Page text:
Apple's iTunes vice-president Eddy Cue said in a statement the launch meant music fans in Australia would be able "to purchase their favourites with one click and have them automatically sync to their iPod". The move -- foreshadowed by ZDNet Australia last week -- finally means iPod owners can legally download music to their players, with more than one million songs available through the store.
However, Cue acknowledged to a press conference in Sydney this morning that the properties of Sony BMG Music Entertainment Australia -- whose artists include Pete Murray and Franz Ferdinand -- were not available through the iTunes Music Store. "We have all [major] labels except for Sony," he said. "We are working with Sony and we know their artists would like to be a part of the launch and we hope they will join us".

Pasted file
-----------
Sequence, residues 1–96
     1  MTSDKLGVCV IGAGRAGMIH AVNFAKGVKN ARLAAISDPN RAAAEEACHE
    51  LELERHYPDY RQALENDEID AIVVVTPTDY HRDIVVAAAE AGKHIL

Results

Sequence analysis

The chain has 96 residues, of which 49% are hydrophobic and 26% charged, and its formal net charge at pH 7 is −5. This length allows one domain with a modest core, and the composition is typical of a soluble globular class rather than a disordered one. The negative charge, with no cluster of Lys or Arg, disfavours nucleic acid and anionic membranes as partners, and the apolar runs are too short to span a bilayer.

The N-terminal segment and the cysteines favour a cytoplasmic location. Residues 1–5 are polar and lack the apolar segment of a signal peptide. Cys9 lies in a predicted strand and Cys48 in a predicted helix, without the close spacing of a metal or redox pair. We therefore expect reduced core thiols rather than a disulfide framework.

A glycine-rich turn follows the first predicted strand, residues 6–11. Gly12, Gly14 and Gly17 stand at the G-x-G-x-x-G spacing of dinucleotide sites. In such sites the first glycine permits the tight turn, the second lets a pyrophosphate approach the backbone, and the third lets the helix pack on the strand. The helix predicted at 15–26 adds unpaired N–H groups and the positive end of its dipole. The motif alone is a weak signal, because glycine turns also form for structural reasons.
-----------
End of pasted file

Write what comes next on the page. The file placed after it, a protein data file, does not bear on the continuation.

"I don't want to comment on the negotiations".
iTunes for Mac and Windows includes access to the iTunes Music Store and is available as a free download immediately from www.apple.com.au/itunes. The iTunes Music Store went live at 3am today.
Apple said personal use rights allowed users to play songs on up to five PCs, burn a single song onto CDs an unlimited number of times, burn the same playlist up to seven times and listen to their music on an unlimited number of iPods.
Australian artists feature heavily on the home page of the store, which includes local talent such as Missy Higgins, Ben Lee, Powderfinger and Kylie Minogue. Over 1,000 music videos and six short movies from Pixar Animation Studios can also be purchased at AU$3.39 for viewing on the recently released video-capable iPod.
Buying songs from the store requires a valid credit card with a billing address in the country of purchase, with customers also able to make cash purchases using music cards available from Apple and retailers such as Coles, BI-LO and Kmart.